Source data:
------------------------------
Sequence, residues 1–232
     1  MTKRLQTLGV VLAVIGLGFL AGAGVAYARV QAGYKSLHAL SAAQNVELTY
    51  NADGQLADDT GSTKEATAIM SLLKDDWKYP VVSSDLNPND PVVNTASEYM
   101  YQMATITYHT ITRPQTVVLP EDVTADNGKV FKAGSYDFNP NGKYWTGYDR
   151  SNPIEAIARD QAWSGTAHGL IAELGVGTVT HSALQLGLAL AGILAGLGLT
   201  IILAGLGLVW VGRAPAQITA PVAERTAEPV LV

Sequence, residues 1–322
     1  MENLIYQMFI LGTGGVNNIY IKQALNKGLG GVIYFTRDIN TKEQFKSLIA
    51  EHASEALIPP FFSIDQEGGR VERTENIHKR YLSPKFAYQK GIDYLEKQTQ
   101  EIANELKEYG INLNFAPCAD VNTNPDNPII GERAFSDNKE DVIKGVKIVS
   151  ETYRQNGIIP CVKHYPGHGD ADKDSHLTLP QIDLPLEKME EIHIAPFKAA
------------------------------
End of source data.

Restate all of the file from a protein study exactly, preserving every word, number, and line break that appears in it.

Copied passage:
Sequence, residues 1–232
     1  MTKRLQTLGV VLAVIGLGFL AGAGVAYARV QAGYKSLHAL SAAQNVELTY
    51  NADGQLADDT GSTKEATAIM SLLKDDWKYP VVSSDLNPND PVVNTASEYM
   101  YQMATITYHT ITRPQTVVLP EDVTADNGKV FKAGSYDFNP NGKYWTGYDR
   151  SNPIEAIARD QAWSGTAHGL IAELGVGTVT HSALQLGLAL AGILAGLGLT
   201  IILAGLGLVW VGRAPAQITA PVAERTAEPV LV

Sequence, residues 1–322
     1  MENLIYQMFI LGTGGVNNIY IKQALNKGLG GVIYFTRDIN TKEQFKSLIA
    51  EHASEALIPP FFSIDQEGGR VERTENIHKR YLSPKFAYQK GIDYLEKQTQ
   101  EIANELKEYG INLNFAPCAD VNTNPDNPII GERAFSDNKE DVIKGVKIVS
   151  ETYRQNGIIP CVKHYPGHGD ADKDSHLTLP QIDLPLEKME EIHIAPFKAA